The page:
04 JULY 2024

AI Hackathon win converts to real-world success

In an inspiring turn of events, the 2023 AI Hackathon has been a catalyst for innovation! Plus, Kate McAlpine, a member of last year’s national winning team shares advice for first-time hackers. 

Every year, New Zealand spends $50 million controlling weeds that impact our native ecosystems. Weed ecologist Kate McAlpine and technical lead Nigel Charman have collaborated on a groundbreaking solution for weed surveillance.

“The best way to reduce weed control costs and avoid weed impacts is to detect new weeds when they first start to invade,” says Kate.

The Smart Weed Alert Tool (SWAT) innovation began at last year’s AI Hackathon and exemplifies how collaboration and a shared passion for solving real-world problems can lead to groundbreaking solutions.

Finding the Right Team
Last year, Kate attended the New Zealand Biosecurity Institute’s annual conference where AI Forum’s Madeline Newman introduced the AI Hackathon. She encouraged those with an environmental problem requiring a tech solution to get involved. Kate admits she barely knew what a hackathon was, but it was a call to action. She was prepared to attend and participate either as a subject matter expert or join a team. On the day, she joined a newly created team who recognised her expertise and the urgency of weed-related challenges. United by a common goal, they began to address the pressing issue of invasive weeds.

Why Weeds?
“Weeds can have major negative impacts on our native species and biodiversity, and can be difficult and expensive to control,” says Kate.

“I’ve been studying environmental weeds for more than 20 years, so I knew only too well that there were several real weed problems that needed a technical solution.”
This realisation was the driving force behind the team’s project and the objective was clear: develop a solution to combat the environmental havoc caused by weeds effectively. Their solution and winning pitch was called Deepweed.

From AI Hackathon win to real-world application
Following their victory at the 2023 AI Hackathon, the team’s project evolved in a new direction. Currently, the team is participating in the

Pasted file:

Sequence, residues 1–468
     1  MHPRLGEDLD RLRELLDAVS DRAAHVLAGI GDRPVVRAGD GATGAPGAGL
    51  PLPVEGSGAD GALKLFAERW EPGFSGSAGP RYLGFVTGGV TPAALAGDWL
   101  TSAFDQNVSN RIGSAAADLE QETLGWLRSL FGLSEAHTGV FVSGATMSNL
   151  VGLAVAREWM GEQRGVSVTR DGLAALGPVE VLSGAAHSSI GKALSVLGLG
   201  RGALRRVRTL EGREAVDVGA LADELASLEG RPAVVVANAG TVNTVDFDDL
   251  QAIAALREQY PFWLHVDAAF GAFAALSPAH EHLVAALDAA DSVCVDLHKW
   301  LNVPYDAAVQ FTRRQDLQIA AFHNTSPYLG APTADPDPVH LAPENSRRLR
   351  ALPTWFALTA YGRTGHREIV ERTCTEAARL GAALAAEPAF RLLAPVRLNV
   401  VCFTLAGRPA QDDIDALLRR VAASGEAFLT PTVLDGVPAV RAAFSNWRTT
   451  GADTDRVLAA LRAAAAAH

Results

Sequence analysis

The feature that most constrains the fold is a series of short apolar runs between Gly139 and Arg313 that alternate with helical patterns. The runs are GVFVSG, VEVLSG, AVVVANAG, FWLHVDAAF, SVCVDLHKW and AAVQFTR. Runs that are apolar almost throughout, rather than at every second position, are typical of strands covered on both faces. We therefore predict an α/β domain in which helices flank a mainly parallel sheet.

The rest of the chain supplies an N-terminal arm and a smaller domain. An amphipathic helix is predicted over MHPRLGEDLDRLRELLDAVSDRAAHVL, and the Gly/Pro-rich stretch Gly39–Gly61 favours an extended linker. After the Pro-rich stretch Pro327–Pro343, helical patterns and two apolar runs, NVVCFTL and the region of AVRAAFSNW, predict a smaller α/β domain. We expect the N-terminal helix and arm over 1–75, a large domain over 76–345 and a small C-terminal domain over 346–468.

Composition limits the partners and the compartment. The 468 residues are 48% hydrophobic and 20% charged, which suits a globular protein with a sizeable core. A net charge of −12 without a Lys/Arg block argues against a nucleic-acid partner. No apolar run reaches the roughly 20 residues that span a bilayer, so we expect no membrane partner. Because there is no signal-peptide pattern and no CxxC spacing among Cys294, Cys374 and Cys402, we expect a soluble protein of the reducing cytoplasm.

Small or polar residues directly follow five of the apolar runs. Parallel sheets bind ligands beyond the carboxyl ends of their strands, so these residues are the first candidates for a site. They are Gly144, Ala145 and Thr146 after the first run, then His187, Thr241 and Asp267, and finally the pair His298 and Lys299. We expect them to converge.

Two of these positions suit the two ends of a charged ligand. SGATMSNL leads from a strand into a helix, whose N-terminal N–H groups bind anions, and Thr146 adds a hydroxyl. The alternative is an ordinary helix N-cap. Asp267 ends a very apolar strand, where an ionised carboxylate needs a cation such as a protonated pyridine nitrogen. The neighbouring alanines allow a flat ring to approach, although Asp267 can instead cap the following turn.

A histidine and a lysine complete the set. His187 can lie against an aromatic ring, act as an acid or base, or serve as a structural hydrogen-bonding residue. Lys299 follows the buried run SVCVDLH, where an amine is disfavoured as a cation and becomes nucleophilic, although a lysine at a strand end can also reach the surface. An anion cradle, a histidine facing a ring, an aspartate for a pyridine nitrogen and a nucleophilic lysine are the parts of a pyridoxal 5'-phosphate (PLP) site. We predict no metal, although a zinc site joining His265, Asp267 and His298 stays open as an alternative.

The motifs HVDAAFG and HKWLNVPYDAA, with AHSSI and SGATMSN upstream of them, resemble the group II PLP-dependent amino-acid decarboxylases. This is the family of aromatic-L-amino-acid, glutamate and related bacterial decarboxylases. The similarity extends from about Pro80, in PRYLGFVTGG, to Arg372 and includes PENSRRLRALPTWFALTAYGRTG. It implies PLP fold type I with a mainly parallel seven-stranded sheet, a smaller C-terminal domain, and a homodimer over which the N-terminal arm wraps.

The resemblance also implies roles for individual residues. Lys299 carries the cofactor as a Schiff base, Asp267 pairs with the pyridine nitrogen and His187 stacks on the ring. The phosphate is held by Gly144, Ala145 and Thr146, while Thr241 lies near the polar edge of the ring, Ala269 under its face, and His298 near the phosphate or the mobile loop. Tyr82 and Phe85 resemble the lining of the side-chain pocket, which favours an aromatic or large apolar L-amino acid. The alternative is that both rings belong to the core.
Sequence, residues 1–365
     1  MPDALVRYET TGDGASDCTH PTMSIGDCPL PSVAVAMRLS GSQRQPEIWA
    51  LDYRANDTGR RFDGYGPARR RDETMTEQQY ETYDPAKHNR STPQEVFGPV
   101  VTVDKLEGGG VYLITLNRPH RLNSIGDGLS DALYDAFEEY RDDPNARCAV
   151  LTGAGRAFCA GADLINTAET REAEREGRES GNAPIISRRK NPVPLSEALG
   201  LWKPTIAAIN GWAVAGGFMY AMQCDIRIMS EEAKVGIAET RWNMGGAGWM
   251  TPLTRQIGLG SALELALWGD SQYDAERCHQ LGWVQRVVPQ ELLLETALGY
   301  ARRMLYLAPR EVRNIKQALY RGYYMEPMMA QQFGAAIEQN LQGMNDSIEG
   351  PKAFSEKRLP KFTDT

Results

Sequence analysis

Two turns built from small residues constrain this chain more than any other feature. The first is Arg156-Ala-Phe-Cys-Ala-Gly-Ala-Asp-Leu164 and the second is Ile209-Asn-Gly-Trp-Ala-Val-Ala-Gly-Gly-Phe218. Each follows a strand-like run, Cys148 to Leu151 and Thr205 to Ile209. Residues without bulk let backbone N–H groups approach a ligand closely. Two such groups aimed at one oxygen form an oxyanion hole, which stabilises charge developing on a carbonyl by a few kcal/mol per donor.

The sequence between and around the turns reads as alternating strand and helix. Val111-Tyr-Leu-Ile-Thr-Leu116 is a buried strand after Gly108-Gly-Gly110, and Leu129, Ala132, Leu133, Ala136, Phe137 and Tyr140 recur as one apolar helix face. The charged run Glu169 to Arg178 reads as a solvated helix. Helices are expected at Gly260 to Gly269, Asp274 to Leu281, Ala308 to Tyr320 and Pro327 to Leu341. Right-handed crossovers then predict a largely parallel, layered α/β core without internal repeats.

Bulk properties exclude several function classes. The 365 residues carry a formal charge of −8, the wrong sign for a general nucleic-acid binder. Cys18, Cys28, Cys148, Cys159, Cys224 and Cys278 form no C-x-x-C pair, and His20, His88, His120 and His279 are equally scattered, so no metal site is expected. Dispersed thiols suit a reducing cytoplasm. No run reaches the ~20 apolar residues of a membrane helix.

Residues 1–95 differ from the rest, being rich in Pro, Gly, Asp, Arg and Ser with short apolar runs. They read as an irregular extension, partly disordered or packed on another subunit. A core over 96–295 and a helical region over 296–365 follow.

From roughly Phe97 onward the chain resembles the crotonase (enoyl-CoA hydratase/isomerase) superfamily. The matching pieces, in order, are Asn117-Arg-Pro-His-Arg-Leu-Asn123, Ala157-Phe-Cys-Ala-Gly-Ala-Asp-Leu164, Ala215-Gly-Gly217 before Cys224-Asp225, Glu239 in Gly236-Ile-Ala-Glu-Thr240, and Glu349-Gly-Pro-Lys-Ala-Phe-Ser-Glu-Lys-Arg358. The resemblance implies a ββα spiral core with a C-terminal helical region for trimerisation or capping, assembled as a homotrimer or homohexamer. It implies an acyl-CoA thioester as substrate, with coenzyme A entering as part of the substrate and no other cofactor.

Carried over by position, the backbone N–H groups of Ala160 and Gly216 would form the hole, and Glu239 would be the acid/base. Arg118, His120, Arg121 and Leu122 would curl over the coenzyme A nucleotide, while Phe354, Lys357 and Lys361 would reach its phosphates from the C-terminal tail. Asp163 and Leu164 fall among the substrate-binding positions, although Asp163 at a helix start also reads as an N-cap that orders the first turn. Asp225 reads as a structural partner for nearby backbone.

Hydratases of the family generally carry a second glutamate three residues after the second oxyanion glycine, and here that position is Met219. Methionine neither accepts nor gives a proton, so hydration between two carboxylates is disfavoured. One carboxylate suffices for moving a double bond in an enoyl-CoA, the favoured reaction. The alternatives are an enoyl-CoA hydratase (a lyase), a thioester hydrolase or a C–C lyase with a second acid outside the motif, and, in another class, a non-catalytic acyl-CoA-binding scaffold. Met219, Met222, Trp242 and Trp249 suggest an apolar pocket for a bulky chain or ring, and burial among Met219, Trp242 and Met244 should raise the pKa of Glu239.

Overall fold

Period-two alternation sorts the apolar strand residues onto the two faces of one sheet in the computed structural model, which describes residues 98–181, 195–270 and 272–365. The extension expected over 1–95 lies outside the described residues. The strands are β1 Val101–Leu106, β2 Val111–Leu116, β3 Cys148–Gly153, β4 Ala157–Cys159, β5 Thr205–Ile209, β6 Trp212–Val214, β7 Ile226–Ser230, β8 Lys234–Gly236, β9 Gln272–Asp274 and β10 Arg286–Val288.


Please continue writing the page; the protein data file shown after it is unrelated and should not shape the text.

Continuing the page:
2024 GovTech Accelerator run by CreativeHQ in Wellington, developing a prototype for the Smart Weed Alert Tool. Creating a completely new tool that will really make a difference detecting new weeds before they become widespread is rewarding, says Kate.

The vision behind SWAT SWAT is poised to revolutionise weed control in New Zealand. By detecting new weeds at their nascent stage, SWAT aims to prevent them from spreading, reducing costs and mitigating ecological damage.

Inspired by the urgent need for such technology, co-creators Nigel and Kate envision tailored alerts based on user-defined criteria. The tool automatically scans new exotic plant records on platforms like iNaturalist and the Global Biodiversity Information Facility (GBIF). When a new record aligns with a user’s alert parameters—such as the first sighting of a serious weed in their region—the user receives an immediate notification.

Overcoming Challenges
Despite its promising potential, developing SWAT has not been without challenges. Kate says wrangling all the data has been one of the biggest hurdles so far. However, the team’s perseverance is driving them forward. They aim to develop the prototype into a fully functional tool and make it open source, ensuring it is freely available to any individual, organisation, or group involved in weed management in New Zealand.

Advice for aspiring hackers
“Just give it a go—even if you’ve never done one before. You might just succeed in creating something real,” says Kate.

If you haven’t already registered for the 2024 AI Hackathon, find your nearest location here
Copyright © 2023 AI Hackathon. Presented by AI Forum NZ.